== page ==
On Nov. 23, “Doctor Who” celebrated its 60th anniversary. On Nov. 25, “The Star Beast” aired, making it the first of three special episodes planned for the anniversary (airing over three consecutive Saturdays). “The Star Beast” was a highly anticipated episode. It features the return of David Tennant to the role of the Doctor, the return of Catherine Tate as companion Donna Noble, and features Beep the Meep, a character from the Doctor Who Extended Universe comics. All in all, it felt like a wild episode was in store. This review will contain many spoilers, so consider yourself warned.
And wild it was. To start with, a good chunk of the episode was a retelling of the 1980 comic “Doctor Who and the Star Beast.” As a result, this episode was quite camp, with the adorable and villainous Beep the Meep threatening to take over the universe and blow up London in the process. The Meep (as the episode calls them) was voiced to great aplomb by Miriam Margoyles, and all the scenes with the Meep are hilarious. The episode wasn’t afraid to lean into camp, which was excellent.
The other part of the episode was the reunion of the Doctor and Donna. Now, if you haven’t seen Series 4, you will be utterly lost. The quick version: Donna absorbs part of the Doctor’s mind (referred to as the “metacrisis”) and to save her, the Doctor wipes her memory. If Donna remembers the Doctor, she will die. This plotline has faced some criticism for being misogynistic, and it seems like recently returned showrunner Russell T. Davies was aware of these criticisms with how he handled this story in “The Star Beast,” which allows the metacrisis to be released through a combination of The Power of Love and The Power of Women.
What makes the return of Tennant and Tate work is their performances. The two of them are a fabulous double-act, and both are clearly having the time of their life returning to their roles. When the two are given a chance to breathe and just bounce off of each other, the episode shines. Unfortunately, these moments are few and far between. A good chunk of the Doctor/Donna reunion is spent with the two spouting technobabble, and the explanation for how Donna gets rid of the metacrisis is clunky at best. It’s unfortunate, because this reunion had the potential to be brilliant, but it maxes out at “fine.” However, the pair still have two episodes together, so there are still plenty of banter opportunities together. I just wish this episode made more of them.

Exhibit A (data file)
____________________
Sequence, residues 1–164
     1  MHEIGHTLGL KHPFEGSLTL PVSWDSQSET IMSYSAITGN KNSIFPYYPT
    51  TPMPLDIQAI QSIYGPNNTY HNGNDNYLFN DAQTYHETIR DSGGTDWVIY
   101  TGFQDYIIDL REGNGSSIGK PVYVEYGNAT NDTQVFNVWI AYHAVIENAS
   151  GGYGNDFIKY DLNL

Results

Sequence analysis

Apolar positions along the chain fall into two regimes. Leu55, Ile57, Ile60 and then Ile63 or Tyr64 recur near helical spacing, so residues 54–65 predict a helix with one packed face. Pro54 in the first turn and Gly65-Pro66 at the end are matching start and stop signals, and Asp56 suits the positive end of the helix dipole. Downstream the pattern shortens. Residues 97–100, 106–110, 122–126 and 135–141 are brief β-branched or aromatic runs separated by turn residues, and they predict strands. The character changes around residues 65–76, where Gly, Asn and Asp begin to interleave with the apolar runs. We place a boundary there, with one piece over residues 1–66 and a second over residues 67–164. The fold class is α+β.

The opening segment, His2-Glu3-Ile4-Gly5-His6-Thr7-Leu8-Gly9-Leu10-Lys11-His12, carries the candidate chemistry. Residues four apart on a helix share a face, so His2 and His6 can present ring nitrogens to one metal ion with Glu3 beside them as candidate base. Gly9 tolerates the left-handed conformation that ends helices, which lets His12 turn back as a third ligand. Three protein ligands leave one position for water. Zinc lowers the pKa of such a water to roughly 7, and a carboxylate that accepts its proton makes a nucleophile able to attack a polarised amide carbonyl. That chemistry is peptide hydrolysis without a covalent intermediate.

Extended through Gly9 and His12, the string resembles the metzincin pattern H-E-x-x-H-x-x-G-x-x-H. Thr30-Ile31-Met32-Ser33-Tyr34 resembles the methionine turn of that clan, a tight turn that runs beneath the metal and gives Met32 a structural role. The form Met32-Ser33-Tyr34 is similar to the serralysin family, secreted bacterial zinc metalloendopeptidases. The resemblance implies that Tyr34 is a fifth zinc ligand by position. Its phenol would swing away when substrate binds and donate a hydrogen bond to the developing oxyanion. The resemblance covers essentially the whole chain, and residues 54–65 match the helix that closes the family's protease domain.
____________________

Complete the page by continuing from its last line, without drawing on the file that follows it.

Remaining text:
What I did really enjoy in this story was the introduction of Donna’s family, most notably her daughter Rose (Yasmin Finney). Some will recognize Finney for her role on “Heartstopper.” Finney delivers a lovely performance even though she doesn’t have a huge amount to do, and it’s great to see trans representation on “Doctor Who.” Rose also shows how much Donna has grown since she departed the show, which was lovely to see. I hope we see more of Rose before the specials are over.
Where this episode weakened was the pacing and balancing of multiple elements. The “Beep the Meep destroys London” plotline was straightforward. However, the episode spent far too long on a shootout between UNIT soldiers and the Wrarth (insectoid alien law enforcers sent to capture the Meep), and as a result, the third act is extremely rushed. The reunion between the Doctor and Donna was very truncated, and I felt like the whole episode needed a touch more polish. It also just lacked the grandeur I’ve come to expect from “Doctor Who” anniversary specials, and instead felt like a solid but unspectacular episode that could happen in any series.
Some other highlights from the episode included a new intro sequence (I loved the graphics but I’m not a huge fan of the new variation of the theme tune), a new TARDIS interior (which I love, it’s a perfect blend of classic and new TARDIS interior designs) and the return of UNIT. However, this was a UNIT sans its normal leadership duo of Kate Stewart and Osgood, which means that I love it a little less.
Overall, this was a decent return for “Doctor Who.” but the episode was far from perfect. It’s silly and entertaining, which meant that I had a great time watching it. Tennant and Tate deliver fantastic performances which help paper over the cracks. However, moments that should have been great were just okay, the pacing was a bit all over the place and the episode didn’t have the impact that a good anniversary special should have. If I were giving it a rating, it would probably be somewhere around three out of five stars.
I hope you have all enjoyed my Doctor Who rambles this semester. I’ll be back next semester with a review of the last two 60th anniversary specials, and then we’ll have to sit back and see where the show goes next. If nothing else, I hope I’ve inspired you to put on an episode of “Doctor Who” if you need a new TV show to watch.